Nation puts geospatial data system on the map
Updated: 2013-10-18 09:45
By Wang Qian in Chengdu (China Daily)
China has established a national emergency geospatial data system to provide first-responders with detailed maps within two hours after a disaster, a senior official said.
At the Chengdu Forum on United Nations Global Geospatial Information Management in the capital of Sichuan province on Tuesday, government leaders and prominent geologists and land surveyors discussed how any effective disaster response starts with a map.
"In fighting with disasters such as earthquakes and mudslides, providing timely mapping support for affected regions is crucial," said Xu Deming, director of the National Administration of Surveying, Mapping and Geoinformation.
The national geospatial data system was established after April 20, when a magnitude-7.0 earthquake rocked Ya'an, Sichuan province. Only two hours after the quake, the National Administration of Surveying, Mapping and Geoinformation produced its first detailed map of the region. That set in motion a wave of support for the national agency from the central government.
By comparison, it took nearly nine hours for a map to be produced after the 2008 Wenchuan earthquake, which means mapping technology at the national agency has vastly improved.
At the three-day forum, which runs through Thursday, Xu said the first 72 hours after a disaster are crucial for rescuers in the search for lives. With the help of the national emergency geospatial data system, he said, loss of lives and economic losses could be held to a minimum.
Besides satellites, unmanned planes and surveying instruments, the data system uses Map World (the Chinese version of Google Earth), an emergency support platform to provide policymakers with disaster assessments as well as recovery and post-disaster planning suggestions and the National Fundamental Geographic Information System, said Li Pengde, deputy director of the national mapping agency.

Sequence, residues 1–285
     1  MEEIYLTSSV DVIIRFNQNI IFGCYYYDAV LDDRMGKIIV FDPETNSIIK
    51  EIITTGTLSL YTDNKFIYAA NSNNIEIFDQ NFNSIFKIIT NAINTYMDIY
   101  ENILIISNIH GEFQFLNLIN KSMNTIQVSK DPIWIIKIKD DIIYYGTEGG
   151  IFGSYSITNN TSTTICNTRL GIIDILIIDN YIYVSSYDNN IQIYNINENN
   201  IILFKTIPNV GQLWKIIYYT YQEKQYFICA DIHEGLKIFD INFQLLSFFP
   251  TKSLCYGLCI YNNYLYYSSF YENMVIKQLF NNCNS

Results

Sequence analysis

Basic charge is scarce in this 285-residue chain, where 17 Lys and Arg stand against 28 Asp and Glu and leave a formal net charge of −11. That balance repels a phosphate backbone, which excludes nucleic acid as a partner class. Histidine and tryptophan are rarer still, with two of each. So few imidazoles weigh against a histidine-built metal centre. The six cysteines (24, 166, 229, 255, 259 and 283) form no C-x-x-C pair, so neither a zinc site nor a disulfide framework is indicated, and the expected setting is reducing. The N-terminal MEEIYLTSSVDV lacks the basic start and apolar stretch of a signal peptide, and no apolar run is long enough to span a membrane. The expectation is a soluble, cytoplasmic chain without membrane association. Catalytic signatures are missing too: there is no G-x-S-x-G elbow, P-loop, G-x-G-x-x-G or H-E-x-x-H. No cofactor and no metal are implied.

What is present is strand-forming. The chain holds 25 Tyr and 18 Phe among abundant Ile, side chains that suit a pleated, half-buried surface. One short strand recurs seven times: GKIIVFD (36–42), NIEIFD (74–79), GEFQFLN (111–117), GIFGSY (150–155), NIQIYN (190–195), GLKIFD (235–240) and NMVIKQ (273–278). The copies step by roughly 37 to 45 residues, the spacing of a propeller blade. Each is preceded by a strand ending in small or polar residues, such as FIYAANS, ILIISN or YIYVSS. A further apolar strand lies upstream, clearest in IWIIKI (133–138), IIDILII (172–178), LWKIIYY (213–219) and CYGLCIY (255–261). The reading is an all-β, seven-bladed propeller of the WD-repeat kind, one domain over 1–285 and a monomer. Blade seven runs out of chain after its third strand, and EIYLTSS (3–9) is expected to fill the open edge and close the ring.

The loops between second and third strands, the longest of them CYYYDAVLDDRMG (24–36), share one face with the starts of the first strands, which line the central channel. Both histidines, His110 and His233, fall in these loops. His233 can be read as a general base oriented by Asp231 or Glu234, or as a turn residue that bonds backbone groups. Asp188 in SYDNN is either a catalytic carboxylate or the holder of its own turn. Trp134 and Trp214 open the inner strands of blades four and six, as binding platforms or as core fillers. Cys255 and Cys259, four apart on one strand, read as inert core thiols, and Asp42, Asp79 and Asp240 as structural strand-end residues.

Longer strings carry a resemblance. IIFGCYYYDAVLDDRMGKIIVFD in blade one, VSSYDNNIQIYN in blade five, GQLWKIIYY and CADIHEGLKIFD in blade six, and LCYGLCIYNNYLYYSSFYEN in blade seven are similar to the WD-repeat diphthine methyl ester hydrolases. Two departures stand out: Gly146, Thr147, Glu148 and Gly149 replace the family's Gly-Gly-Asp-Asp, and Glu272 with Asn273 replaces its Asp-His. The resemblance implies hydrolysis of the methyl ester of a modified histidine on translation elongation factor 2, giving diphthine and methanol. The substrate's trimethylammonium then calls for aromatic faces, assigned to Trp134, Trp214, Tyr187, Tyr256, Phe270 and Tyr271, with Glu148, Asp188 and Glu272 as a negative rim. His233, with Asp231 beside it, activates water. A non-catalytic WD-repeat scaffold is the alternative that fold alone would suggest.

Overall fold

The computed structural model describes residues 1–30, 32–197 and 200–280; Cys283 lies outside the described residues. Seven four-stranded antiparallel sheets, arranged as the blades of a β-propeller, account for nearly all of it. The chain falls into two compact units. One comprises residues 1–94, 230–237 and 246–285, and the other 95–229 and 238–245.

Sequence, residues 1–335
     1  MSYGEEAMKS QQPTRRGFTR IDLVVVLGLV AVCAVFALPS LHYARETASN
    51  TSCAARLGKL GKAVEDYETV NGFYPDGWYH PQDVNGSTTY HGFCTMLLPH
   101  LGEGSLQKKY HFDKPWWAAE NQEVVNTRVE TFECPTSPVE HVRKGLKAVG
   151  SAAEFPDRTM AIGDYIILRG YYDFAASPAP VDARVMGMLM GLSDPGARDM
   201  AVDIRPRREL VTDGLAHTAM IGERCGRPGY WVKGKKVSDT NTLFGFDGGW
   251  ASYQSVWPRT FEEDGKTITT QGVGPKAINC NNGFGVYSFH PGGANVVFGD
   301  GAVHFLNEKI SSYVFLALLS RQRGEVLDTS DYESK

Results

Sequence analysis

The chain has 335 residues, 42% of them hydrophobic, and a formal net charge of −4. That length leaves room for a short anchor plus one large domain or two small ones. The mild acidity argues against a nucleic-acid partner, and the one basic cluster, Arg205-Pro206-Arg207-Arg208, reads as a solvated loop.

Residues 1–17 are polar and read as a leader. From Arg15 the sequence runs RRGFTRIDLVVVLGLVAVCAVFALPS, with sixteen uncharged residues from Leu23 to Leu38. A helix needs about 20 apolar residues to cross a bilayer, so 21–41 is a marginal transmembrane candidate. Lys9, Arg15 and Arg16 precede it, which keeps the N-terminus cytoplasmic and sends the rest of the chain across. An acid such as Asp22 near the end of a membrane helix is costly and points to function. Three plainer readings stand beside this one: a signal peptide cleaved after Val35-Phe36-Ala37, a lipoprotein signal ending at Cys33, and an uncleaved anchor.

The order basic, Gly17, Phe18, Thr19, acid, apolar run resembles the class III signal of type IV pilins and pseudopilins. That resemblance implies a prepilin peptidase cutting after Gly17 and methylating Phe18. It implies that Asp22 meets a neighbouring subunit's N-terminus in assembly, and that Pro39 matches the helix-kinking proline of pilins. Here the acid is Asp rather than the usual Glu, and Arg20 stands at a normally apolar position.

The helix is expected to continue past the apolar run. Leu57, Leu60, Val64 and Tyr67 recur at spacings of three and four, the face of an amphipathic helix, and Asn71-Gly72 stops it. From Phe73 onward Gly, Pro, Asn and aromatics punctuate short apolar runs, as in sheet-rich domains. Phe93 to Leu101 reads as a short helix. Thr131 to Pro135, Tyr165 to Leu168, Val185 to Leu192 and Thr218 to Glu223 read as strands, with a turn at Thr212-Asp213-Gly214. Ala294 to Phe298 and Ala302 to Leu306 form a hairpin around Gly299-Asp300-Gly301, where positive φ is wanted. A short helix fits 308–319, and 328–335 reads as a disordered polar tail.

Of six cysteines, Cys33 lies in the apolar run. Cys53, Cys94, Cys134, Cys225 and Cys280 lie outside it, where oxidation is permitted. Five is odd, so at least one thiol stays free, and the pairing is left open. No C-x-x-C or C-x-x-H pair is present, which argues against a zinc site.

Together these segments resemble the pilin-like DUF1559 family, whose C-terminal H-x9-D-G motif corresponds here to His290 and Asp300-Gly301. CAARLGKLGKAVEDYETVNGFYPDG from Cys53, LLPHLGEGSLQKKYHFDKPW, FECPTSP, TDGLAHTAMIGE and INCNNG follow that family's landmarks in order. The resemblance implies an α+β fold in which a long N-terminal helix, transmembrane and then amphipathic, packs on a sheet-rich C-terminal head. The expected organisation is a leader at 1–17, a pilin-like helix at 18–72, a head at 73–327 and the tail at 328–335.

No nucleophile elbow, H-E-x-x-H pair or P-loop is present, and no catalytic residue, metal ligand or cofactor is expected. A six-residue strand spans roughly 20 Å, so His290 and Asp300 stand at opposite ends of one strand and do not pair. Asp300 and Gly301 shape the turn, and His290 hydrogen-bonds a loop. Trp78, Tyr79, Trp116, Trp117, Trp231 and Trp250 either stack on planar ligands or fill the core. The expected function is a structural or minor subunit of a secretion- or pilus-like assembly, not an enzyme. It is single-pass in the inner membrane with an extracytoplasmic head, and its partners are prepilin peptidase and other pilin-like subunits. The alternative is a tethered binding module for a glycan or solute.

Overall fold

"The system will provide timely and reliable mapping services anywhere in the country after disasters," Li said.
Wu Hongbo, under-secretary-general for UN economic and social affairs, said China is making great strides in emergency mapping and "taking a leading position in this sector of the world".
"In the first hours after the Wenchuan earthquake, I remember that some rescuers didn't know where they were or where to go. China has learned its lesson," Wu said.
After the Wenchuan earthquake, China released the National Emergency Mapping Action Plan in March 2009, which defined the responsibilities and requirements for national, provincial and regional surveying and mapping departments. In January 2012, China launched a high-resolution imaging satellite, called the ZY-3, to be used in not only monitoring the nation's land use and ecology, but also to be used in urban planning and disaster management.
But Liu Dake, deputy director of the geoinformation and mapping department under the national mapping agency, said there is still room for improvement. Liu said an emergency airspace coordination system should be established to deploy unmanned planes to take photos of disaster-hit regions.
China's air force controls the national airspace and allots only 20 percent of airspace for civil aviation, making it hard for nonmilitary flights to be approved quickly, disaster management experts said.
China was heavily affected by natural disasters in 2012, according to the Ministry of Civil Affairs, with about 290 million people affected and 1,530 deaths.